As an Articled clerk, trainee solicitor as it is now known, back in 1979, one of my many jobs was to act as a sort of underpaid postman. To hire a motorcycle dispatch rider cost real money, back then. What better therefore than to use the lowest paid in the office for such a task. Me.
I didn’t mind. Anything that got me away from my desk was to be embraced in those early days for any one or more of the following reasons:
1. It meant I didn’t have to use the phone and expose my ignorance in all matters pertaining to the law
2. It meant that my principal, with whom I had to share a room did not hear my attempts to dictate anything either into the tape machine that sat on my desk or, even worse, to one of the senior secretaries who ‘took dictation’ by sitting opposite me, pencil poised over a lined pad of A5 sized paper ready to impress with their Pitman technique. What made the human version of the dictaphone worse was the sighing. At least the machine didn’t judge the quality of what I wrote quite as much as the secretaries. I think that’s why I’ve always been willing to embrace AI. It doesn’t show disappointment.
3. Mostly it was because, out of the office I couldn’t be given a new job to add to my burgeoning portfolio of ‘impossible tasks’. I mean I’m not the White Queen and anyway it’s after breakfast so I couldn’t be expected to do one let alone six impossible things.
An example. A fabulously rich client left his books and library to one relly and his manuscripts to another. They were worth a fair bit each. Then they discovered, in the client’s library an authentic letter by Henry VII from 14 something. It was worth more than all the books furniture art and other chattels combined. Was it a manuscript – if so relly two was bathing in extract of yeti sweat forever; if not it was part of the library and relly one was feasting on deep ocean barnacle truffles every day. No one knew. The books didn’t say. I spent bloody hours at the Law Society library, Sotherby’s and the British Library and made the square root of fuck all progress. The first decade was fun but after that the question took on its own from of scripted lassitude that was like a cranial necrosis only without the holiday pay and benefits.
The deliveries ranged from the sublime – push this through the letterbox – to the terrifying – serve this summons. One such, to serve a possession summons on the occupants of a bedsit in a block on Baker Street involved a climb of about ten flights of stairs, each one containing its own microclimate of odours – sweat, piss, curry, blood and something fusty, cinnamon and, oddly, WD40. At the top was a door that had either been kicked open more often than a Frank Sinatra revival or put on sideways as the lock was now on the top, possibly because this was the only part of the doorframe that hadn’t been splintered. When I knocked, with a certain amount of trepidation, the door was answered by a woman, possibly sixteen or forty, it was difficult to tell from her face. In the crook of each arm was a baby, each of whose faces seemed to be evenly split into thirds – one third skin, one third snot and one third some sort of crust.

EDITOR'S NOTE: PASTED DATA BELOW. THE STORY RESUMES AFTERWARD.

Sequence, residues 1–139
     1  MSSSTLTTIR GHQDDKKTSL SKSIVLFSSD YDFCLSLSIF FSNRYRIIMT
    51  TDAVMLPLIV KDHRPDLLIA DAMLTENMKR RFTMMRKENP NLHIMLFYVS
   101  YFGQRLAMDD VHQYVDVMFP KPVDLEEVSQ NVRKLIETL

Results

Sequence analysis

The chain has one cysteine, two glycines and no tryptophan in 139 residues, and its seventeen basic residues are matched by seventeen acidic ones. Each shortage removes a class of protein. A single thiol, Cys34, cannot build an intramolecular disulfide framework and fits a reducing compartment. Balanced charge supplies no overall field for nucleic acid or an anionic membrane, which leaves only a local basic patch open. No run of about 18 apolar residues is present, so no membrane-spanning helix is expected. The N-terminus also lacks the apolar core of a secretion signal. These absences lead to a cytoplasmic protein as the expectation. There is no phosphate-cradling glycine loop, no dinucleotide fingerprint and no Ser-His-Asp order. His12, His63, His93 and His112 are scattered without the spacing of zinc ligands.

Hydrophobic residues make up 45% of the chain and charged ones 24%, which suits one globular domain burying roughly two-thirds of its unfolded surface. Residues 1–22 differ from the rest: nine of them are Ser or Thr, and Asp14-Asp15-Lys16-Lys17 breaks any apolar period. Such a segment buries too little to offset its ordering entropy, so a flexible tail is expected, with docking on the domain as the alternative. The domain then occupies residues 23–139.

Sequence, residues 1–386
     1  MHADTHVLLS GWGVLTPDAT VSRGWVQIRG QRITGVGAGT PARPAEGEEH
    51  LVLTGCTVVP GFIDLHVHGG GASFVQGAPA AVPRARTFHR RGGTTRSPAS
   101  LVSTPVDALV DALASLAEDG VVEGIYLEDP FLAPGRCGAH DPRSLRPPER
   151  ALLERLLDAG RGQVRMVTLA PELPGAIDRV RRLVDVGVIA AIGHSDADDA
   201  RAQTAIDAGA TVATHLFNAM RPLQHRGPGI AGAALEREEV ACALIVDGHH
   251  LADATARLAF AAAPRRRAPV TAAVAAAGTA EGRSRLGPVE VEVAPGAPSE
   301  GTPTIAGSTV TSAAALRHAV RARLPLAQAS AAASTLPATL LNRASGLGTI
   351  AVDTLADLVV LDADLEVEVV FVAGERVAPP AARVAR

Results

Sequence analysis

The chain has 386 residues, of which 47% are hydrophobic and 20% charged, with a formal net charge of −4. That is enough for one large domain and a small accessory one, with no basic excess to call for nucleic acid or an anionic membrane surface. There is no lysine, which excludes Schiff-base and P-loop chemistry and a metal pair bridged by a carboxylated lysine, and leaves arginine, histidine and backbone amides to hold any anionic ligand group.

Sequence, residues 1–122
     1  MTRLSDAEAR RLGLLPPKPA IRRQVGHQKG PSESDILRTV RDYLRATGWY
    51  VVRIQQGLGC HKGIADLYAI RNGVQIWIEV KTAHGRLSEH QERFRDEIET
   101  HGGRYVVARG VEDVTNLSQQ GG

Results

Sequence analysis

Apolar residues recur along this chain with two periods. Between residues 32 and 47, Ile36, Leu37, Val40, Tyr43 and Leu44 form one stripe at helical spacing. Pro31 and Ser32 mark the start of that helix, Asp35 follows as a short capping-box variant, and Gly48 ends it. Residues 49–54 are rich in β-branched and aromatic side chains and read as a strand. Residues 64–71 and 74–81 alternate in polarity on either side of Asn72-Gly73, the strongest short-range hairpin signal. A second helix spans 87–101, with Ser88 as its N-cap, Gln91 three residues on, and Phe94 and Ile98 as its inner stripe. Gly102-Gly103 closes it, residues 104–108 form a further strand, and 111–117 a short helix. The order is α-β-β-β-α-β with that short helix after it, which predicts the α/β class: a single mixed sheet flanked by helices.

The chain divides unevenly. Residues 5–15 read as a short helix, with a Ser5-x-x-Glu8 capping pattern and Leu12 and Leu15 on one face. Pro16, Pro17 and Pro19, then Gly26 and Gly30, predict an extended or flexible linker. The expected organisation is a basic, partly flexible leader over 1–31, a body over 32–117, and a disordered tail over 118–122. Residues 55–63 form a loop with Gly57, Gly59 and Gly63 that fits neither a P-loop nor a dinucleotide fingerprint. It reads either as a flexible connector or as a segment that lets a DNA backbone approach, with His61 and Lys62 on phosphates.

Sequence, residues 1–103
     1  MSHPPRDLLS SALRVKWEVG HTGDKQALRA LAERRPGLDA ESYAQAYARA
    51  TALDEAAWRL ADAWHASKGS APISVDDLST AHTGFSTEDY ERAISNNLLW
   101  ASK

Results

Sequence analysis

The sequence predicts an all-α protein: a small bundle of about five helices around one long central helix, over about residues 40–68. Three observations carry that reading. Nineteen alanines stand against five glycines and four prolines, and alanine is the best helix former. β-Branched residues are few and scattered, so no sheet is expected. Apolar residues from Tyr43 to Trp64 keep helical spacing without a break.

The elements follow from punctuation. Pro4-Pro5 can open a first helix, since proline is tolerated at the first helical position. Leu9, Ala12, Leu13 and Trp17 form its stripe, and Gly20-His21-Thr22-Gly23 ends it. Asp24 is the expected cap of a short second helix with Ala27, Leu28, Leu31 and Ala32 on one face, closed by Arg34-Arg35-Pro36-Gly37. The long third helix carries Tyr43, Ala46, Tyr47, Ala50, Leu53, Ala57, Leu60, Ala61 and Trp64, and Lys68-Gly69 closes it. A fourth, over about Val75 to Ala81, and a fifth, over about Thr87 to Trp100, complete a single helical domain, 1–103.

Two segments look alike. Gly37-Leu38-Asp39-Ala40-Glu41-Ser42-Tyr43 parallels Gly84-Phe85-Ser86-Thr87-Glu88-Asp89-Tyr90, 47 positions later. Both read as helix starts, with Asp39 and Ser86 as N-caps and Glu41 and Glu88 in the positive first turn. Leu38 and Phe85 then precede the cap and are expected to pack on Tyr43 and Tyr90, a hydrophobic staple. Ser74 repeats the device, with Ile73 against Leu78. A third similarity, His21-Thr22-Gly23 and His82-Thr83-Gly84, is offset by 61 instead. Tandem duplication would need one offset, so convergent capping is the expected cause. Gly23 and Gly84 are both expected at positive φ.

‘Yeah?’ ‘Miss Origami?’ ‘Yeah?’ ‘For you.’ ‘What is it?’ ‘ I’m not sure. Can you take it please?’ ‘Hold Jim.’
At this point I’m offered a child. Given I know full well what it contains (the letter that is; the contents of the child given the colour and viscosity of the snot was beyond rational assumptions), I really do not want to be around when she opens it. I decline and seek to tuck it between one mewling infant and her arm. ‘Oi! Gerrof!’
At this point something that might possibly have been a recently beached Kraken emerges from the Stygian depths of the apartment. ‘What is it Doris?’
The mythical monster is huge, sporting a green cardigan and drooping rollup And almost certainly lacking in empathy for delivery personnel. With a cheery farewell I take my leave of the star crossed lovers viz I utilise every sinew bestowed on me to descend those stairs with a speed and alacrity rarely seen outside the Olympics or the January sales.
I think mine host may have sent me on my way with a choice exhortation to return soon, namely ‘Oi, you little shite. Get yer arse back ere.’
My arse was doing no such thing either alone or in the company of any other parts of my anatomy. We skedaddled.
I must say that, for all my own fears, what I saw gave me pause. Behind the snot and aggression there was a youngish couple with at least 2 children. The woman looked awful – possibly an addict, certainly bruised – and the man not much better. The flat looked a tip and smelt – pretty indescribable really. What were their lives going to be like? Hard? Joyless? Short? I might have lived a frugal lifestyle back then but never at that level of poverty. I had a future; I was definitely the lucky one.
At least that was the way I thought until the delivery to Douglas Nowell-Hammond that nearly stopped my legal career in its tracks.